On Sunday, while Minneapolis was out in rainbow, glitter, and leather to celebrate Pride, a different parade of sorts was gathering near the Capitol steps in St. Paul.
Freedom March, a self-described “group of Christians who have been delivered from LGTBQ lifestyles,” set up shop under some white tents and got ready to testify. Its leadership, as indicated on its website, is composed of “former homosexuals” and “former transgenders” who have since left those identities behind through “the power of the blood of Jesus.”
“Freedom March is not about suppression,” the site says. “It’s about FREEDOM.”
There was a decent crowd assembled to hear music, prayer, and testimonials, including one person in particular mingling in the audience: Minnesota state Sen. Dan Hall (R-Burnsville). Photos from the event and the livestream appear to show him hanging out, chatting folks up, and at one point, wearing a Freedom March T-shirt. (He also hyped the event on Facebook.)
Hall has never been shy with his opinions on the queer and trans community. Back in 2012, he got into a little hot water for seeming to insinuate that if you weren’t for an amendment banning gay marriage, you weren’t for America.
“Why is it you never see an American flag where you see a Vote No for the Mn #Marriage Amendment sign?” he asked. He later said he hadn’t technically called anyone “unpatriotic,” but not before others had some choice words for him—among them “douchebag.”
In 2013, he quoted Mel Gibson’s very homophobic father to make his case against letting gay people get married:
“Tolerance is the last virtue of a depraved society,” he tweeted. “When an immoral society has blatantly and proudly violated all the commandments. HGibson.”
But that was a long time ago. The amendment died, and same-sex marriage has since been adopted across the United States. It’s now generally less acceptable to be patently against gay people—and increasingly less so for trans people. Times have changed. Has Hall?
Hall didn’t respond to interview requests, so it’s hard to know for sure, but his Facebook presence hasn’t evolved much since 2012. On June 10, he posted an article about a study claiming there is “no evidence people are born gay or transgender,” and quoted a section that implies queerness may just be the result of being messed up by childhood sexual trauma.
Two days earlier, he gave a shout-out to the Minnesota Family Council, which once had to apologize for equating same-sex marriage campaign efforts with propaganda in Nazi Germany. It was a “wonderful thing,” he wrote, to have “friends” like the Council who “encourage and support your positions and legislation at our Capitol.”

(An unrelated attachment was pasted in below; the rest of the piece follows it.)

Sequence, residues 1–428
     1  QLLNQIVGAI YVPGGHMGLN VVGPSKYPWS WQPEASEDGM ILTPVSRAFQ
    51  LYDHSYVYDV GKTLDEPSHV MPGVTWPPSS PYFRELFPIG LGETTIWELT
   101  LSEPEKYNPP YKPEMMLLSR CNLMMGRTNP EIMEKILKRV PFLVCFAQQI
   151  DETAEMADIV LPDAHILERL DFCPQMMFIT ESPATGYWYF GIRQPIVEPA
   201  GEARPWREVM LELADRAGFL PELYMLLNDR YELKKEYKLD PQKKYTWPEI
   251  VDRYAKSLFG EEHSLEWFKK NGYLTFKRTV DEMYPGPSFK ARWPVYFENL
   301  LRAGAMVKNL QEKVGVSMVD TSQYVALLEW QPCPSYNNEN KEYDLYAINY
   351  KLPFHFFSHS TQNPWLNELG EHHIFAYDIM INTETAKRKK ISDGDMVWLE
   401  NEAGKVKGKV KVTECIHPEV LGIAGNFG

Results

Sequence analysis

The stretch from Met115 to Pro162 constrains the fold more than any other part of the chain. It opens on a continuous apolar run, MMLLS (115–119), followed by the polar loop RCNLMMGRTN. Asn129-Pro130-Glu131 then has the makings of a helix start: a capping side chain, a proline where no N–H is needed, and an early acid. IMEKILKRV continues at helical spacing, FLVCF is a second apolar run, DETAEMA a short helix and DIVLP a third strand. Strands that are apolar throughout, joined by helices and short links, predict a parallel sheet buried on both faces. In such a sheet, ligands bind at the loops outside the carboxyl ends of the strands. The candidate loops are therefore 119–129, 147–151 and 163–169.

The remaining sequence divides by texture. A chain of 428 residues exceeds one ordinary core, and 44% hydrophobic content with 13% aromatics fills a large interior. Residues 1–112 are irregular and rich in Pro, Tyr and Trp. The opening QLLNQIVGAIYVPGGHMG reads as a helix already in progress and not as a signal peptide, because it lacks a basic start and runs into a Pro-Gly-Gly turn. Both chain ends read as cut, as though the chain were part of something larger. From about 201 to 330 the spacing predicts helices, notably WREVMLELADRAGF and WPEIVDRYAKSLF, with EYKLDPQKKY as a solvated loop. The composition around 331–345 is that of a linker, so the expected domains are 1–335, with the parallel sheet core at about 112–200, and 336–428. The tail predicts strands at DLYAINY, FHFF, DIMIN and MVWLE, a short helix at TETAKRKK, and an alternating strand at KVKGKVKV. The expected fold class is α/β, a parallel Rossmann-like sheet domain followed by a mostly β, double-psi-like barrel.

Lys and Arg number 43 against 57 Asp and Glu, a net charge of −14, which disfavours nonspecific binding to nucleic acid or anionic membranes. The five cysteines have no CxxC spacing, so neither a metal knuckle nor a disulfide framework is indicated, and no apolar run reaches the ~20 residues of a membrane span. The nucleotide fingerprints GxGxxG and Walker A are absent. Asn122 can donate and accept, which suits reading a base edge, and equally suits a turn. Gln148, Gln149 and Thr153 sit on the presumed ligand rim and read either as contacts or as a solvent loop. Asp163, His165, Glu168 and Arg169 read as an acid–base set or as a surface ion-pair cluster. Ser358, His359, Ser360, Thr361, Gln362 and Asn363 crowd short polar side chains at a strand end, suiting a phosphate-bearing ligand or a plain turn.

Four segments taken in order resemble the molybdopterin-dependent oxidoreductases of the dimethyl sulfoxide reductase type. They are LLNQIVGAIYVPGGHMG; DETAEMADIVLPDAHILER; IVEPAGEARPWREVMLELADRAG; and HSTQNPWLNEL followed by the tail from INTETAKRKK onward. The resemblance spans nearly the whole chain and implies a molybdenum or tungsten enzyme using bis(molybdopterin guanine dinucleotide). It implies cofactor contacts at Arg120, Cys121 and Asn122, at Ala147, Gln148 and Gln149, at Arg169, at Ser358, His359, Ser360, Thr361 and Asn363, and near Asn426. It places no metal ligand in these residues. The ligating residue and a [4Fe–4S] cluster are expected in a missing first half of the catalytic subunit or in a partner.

Back in April, he posted an article called “Liberal Washington State nixes radical LGBT sex ed bill after massive parental outrage.”
“This is where things are going if you don’t voice your opinion,” he wrote. “Your children and grandchildren will be taught the proper way of having homosexual sex. The Minnesota House Democrats have a bill that would stop any kind of youth counseling against homosexuality.”
The bill he was referring to is actually germane to his presence at Freedom March. It involved outlawing attempts to counsel gay children into not being gay, and trans children into not being trans—at least until they’re 18 and can make that kind of decision for themselves.
The bill fell in the Republican-dominated Minnesota Senate after a gut-wrenching debate and much hand-wringing on both sides. A few Republicans said they left the Capitol that day “sickened” after voting against it.
There’s plenty of reasons to feel a little nauseated. “Conversion therapy” or “reparative therapy,” which has been rejected by mainstream medical and mental health organizations for years, has not been known to be very effective. It has, however, been known to lead to depression, anxiety, drug use, homelessness, and suicide in youth.
At Freedom March, an organizer took to the stage to offer a word of celebration for the defeat of this bill “in the name of Jesus.” This event, he said, was a “victory lap.”
“And I have to tell you, this was a miracle,” considering it happened in “liberal Minnesota.”
He threw out a thank you to members of the Minnesota Family Council operating a booth in the back, and spared a word of acknowledgement for Hall.
“He was instrumental in helping to shut this down,” he said.
He invited Hall to come up on stage and join him, but the senator had already left.
“But he was here,” the organizer clarified with a laugh. “I just want to acknowledge that he was here.”